pdf Threads of Life: A History of the World Through the Eye of a NeedleAuthor Clare Hunter – Freepe.co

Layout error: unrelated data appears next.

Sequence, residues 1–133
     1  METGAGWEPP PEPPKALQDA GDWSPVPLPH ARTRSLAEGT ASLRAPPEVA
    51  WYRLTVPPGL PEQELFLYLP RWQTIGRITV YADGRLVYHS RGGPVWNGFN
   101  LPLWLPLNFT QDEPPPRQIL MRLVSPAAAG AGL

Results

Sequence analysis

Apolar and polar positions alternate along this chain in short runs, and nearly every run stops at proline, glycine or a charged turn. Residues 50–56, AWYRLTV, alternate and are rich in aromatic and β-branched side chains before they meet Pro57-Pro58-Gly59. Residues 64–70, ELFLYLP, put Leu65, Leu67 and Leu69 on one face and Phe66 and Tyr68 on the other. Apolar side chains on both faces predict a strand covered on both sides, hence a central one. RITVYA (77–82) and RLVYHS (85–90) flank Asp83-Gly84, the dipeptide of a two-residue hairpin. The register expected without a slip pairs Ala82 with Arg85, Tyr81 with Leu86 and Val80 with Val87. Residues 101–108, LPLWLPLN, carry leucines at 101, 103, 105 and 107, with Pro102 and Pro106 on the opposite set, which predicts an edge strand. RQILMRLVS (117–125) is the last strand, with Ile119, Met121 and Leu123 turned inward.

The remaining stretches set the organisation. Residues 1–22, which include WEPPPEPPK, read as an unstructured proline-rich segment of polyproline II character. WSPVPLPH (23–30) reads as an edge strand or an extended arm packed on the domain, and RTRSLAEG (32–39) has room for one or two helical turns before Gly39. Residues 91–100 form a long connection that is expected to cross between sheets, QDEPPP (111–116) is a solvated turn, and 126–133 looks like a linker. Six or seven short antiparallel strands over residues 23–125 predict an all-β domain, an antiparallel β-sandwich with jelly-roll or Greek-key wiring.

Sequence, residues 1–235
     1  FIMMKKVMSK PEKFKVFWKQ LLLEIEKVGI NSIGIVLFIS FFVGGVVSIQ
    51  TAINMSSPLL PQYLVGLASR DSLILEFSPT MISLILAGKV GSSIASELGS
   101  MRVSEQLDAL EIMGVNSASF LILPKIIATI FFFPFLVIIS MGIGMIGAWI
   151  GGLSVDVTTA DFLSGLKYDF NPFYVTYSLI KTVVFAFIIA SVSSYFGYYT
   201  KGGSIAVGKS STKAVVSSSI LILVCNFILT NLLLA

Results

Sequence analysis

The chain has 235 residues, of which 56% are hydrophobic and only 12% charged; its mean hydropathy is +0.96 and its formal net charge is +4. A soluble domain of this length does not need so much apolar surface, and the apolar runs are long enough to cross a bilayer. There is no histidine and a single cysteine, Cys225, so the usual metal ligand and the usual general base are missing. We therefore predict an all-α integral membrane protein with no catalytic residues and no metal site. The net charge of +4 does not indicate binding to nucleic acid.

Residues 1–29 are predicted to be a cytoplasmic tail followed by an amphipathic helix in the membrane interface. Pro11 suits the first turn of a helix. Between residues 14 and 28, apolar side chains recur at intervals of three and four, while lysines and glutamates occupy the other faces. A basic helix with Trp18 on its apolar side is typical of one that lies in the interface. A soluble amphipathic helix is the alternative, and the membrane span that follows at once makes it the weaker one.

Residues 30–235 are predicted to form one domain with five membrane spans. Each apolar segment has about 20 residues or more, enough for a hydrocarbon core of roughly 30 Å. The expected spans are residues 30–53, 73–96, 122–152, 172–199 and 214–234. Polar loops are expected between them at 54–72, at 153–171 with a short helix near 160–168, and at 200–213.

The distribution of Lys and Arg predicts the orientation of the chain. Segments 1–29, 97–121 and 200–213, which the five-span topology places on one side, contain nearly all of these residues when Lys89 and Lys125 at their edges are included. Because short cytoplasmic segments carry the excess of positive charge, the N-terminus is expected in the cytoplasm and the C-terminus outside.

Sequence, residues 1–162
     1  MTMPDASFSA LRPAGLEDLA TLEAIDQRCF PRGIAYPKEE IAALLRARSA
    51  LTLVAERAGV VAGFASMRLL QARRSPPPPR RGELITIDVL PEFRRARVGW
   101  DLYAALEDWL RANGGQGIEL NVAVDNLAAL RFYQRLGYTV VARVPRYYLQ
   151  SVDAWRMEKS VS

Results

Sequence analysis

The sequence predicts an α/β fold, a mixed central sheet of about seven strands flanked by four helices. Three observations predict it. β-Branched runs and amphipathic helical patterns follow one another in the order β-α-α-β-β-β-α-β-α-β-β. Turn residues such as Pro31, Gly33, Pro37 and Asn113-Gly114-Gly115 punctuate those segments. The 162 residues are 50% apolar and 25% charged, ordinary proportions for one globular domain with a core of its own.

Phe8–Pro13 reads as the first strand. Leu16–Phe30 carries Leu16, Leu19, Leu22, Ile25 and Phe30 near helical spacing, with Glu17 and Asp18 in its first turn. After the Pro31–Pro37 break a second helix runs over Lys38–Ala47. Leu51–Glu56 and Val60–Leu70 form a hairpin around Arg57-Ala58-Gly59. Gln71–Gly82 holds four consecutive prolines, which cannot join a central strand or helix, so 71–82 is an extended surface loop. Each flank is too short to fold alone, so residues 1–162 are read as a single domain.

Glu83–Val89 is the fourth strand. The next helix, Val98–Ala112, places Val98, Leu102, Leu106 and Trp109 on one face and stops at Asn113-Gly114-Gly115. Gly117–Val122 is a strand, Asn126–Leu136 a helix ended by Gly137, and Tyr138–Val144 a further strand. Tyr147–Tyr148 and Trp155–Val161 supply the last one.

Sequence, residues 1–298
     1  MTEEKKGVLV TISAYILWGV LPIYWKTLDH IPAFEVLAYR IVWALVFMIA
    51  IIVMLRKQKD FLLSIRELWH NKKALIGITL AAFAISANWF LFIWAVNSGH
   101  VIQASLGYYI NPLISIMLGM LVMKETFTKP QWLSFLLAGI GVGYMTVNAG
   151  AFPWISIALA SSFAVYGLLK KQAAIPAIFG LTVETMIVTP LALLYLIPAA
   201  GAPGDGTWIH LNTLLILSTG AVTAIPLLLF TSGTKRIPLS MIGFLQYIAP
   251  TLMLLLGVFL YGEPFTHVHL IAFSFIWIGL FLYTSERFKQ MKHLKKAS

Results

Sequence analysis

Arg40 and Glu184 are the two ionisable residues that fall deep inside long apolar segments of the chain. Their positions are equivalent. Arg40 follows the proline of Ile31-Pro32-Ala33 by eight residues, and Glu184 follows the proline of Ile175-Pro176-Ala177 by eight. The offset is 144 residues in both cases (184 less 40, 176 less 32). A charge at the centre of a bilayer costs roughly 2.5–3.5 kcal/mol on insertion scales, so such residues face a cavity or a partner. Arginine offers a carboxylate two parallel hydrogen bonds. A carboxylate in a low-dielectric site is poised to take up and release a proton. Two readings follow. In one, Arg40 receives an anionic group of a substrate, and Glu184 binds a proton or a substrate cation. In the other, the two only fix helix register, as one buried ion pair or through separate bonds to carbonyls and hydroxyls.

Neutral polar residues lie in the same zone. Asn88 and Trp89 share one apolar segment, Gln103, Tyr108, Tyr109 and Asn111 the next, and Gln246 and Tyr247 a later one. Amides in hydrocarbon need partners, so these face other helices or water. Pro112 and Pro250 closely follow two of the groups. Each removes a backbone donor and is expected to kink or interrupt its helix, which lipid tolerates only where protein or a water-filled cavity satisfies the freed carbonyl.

As a textile artist, I found this book somewhat inspirational It certainly made me want to express myself in embroidery and textiles in a creative way However, although Clare Hunter does include some historical and cultural textiles it is very much a personal view, almost autobiographical It is strongly biased towards Scotland and women s liberation movements..It lacks pictorial illustrations of the works mentioned which would have been valuable to the reader. The Hare With Amber Eyes MeetsA History Of The World In Objects, Threads Of Life Is A History Of Sewing And Embroidery, Told Through The Stories Of The Men And Women, Over Centuries And Across Continents, Who Have Used The Language Of Sewing To Make Their Voices Heard, Even In The Most Desperate Of Circumstances From The Political Storytelling Of The Bayeux Tapestry S Anonymous Embroiderers And Mary, Queen Of Scots Treasonous Stitching, To The Sewing Of First World War Soldiers Suffering From PTSD And The Banner Makers At Greenham Common, Threads Of Life Stretches From Medieval France To S America, From A Second World War POW Camp In Singapore To A Family Attic In Scotland It Is As Much About Identity, Protest, Memory And Politics As Craft And Artistry In An Eloquent Blend Of History And Memoir, With A Unique Understanding Of Craft, Clare Hunter S Threads Of Life Is An Evocative And Moving Audiobook About The Need We All Have To Tell Our Story This is a beautifully written book filled with fascinating accounts of why people sew Although not a sewer myself, I was intrigued with the various chapter headings, Captivity, Power, Protest, Frailty, Value etc so started to read and found myself unable to put the book down There were personal stories too and the one about Aunt Jean s quilt discovered in an old attic was particularly touching I had no problem with the lack of illustrations as really good images and detailed close ups could be pulled up on my tablet A really good read and it s no surprise that Radio 4 chose Threads of Life as their Book of the Week. Such an interesting and well written book, so many things I didn t know about how embroidery has been used, the author did such in depth research and her personal snippets were a great insight.Spent an enjoyable time looking at the pictures of works mentioned in the book via the internet, The Dinner Party, is well worth checking out Makes you wish you had seen it in person. When the book arrived I was initially disappointed to find that there weren t any illustrations to accompany the text, however once I started to read I realised that images are not important as the author has the knack of bringing the embroidery that she is looking at to life through her words I am learning and becoming inspired as I read and finding this just such a compelling read I will be recommending to my other friends that sew, and to some that don t who would find it just as interesting. This is such an interesting topic, even for a non sewer like myself It is however crying out for photographs Please, someone, have the wisdom to reissue this fantastic book in a format that does it justice. An overdue analysis with heartfelt views on aspects of embroidery Disappointed that there were three historical errors in the first chapter on the Bayeaux Tapestry Needs an experienced proof reader I m no anorak but these are glaring errors and although the rest of the book is well researched it s such a shame that the beginning of the book falls short on basic history A fascinating insight into a subject that is easy to overlook Remarkable how much of history can be seen through needlework and its sewers There are so many items mentioned that they deserve an illustrated book of their own and I hope the author will put that together one day soon.